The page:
The objective of this study was to develop a pediatric measure of chronic nausea severity, the Nausea Severity Scale (NSS), and evaluate its reliability and validity in youth with abdominal pain-related functional gastrointestinal disorders (AP-FGID). Pediatric patients (aged 11–17 years-old, n = 236)
[...] Read more.
The objective of this study was to develop a pediatric measure of chronic nausea severity, the Nausea Severity Scale (NSS), and evaluate its reliability and validity in youth with abdominal pain-related functional gastrointestinal disorders (AP-FGID). Pediatric patients (aged 11–17 years-old, n = 236) presenting to an outpatient clinic for evaluation of abdominal pain completed the NSS, Children’s Somatization Inventory (CSI), Functional Disability Inventory (FDI), Abdominal Pain Index (API), Patient-Report Outcomes Measurement Information System (PROMIS), Anxiety and Depression Scales and the Pediatric Rome III Questionnaire for FGIDs. The NSS demonstrated good concurrent, discriminant, and construct validity, as well as good internal consistency. One-third (34%) of AP-FGID patients reported experiencing nausea “most” or “every day” in the previous two weeks. The severity of nausea was higher in females than males and correlated significantly with the severity of somatic symptoms, functional disability, anxiety, and depression. The NSS is a valid and reliable measure of nausea in children with AP-FGID. Full article
(This article belongs to the Special Issue 5th Anniversary Issue)
Open AccessArticle Pediatric Patients Receiving Specialized Palliative Home Care According to German Law: A Prospective Multicenter Cohort Study
Received: 2 May 2018 / Revised: 26 May 2018 / Accepted: 28 May 2018 / Published: 31 May 2018
PDF Full-text (600 KB) | HTML Full-text | XML Full-text
Abstract
In Germany, every child with a life-limiting condition suffering from symptoms that cannot sufficiently be controlled is eligible by law for specialized pediatric palliative home care (SPPHC). It is the aim of this study to describe the demographic and clinical characteristics of children
[...] Read more.
In Germany, every child with a life-limiting condition suffering from symptoms that cannot sufficiently be controlled is eligible by law for specialized pediatric palliative home care (SPPHC). It is the aim of this study to describe the demographic and clinical characteristics of children referred to SPPHC and to compare patients with cancer and non-cancer conditions. The prospective multicenter study includes data on 75 children (median age 7.7 years, 50.7% male). The majority had non-cancer conditions (72%). The most common symptoms were cognitive impairment, somatic pain, impairment in communication or swallowing difficulties. Swallowing difficulties, seizures, and spasticity occurred significantly more often in non-cancer patients (p < 0.01). Cancer patients received antiemetics significantly more often (permanent and on demand) than non-cancer patients (p < 0.01). Significantly more non-cancer patients had some type of feeding tube (57.3%) or received oxygen (33.3%) (p < 0.01). Central venous catheters had been fitted in 20% of the patients, mostly in cancer patients (p < 0.001). Tracheostomy tubes (9.3%) or ventilation (14.7%) were only used in non-cancer patients. In conclusion, patients referred to SPPHC are a diverse cohort with complex conditions including a large range of neurologically originating symptoms. The care of pediatric palliative care patients with cancer is different to the care of non-cancer patients. Full article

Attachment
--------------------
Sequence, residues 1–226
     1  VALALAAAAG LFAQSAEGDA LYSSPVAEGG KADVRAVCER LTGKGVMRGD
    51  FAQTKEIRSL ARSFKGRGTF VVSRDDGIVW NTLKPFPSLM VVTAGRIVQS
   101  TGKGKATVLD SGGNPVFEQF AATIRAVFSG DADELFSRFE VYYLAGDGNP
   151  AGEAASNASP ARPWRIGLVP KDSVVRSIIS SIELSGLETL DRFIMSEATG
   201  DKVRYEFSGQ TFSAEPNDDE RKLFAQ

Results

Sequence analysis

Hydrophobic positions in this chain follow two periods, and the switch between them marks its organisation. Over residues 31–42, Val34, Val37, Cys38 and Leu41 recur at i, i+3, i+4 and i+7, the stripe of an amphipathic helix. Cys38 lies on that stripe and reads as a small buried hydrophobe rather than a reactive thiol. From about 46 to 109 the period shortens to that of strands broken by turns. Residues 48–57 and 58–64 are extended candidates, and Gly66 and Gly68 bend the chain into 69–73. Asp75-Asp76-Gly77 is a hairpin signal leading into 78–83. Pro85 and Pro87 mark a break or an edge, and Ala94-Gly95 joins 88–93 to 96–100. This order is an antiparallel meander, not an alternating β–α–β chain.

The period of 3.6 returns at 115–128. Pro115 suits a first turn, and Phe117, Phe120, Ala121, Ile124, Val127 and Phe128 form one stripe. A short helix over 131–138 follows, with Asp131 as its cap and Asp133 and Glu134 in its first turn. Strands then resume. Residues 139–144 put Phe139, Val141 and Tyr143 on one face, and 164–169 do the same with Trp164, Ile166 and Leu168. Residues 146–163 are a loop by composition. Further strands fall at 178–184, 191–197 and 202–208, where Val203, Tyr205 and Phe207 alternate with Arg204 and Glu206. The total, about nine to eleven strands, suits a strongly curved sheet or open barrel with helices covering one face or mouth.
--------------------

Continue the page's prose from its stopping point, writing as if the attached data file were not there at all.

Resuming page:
(This article belongs to the Special Issue 5th Anniversary Issue)
Figures

Figure 1

Open AccessCommunication Safety of Oral Food Challenges in Early Life
Received: 10 May 2018 / Revised: 26 May 2018 / Accepted: 28 May 2018 / Published: 30 May 2018
PDF Full-text (170 KB) | HTML Full-text | XML Full-text
Abstract
Oral food challenges are becoming more frequent in the allergy clinic due to an increased demand related to early food introduction in infants. We examined the safety of oral food challenges in 18 high-risk infants with prior allergic reactions, as well as infants
[...] Read more.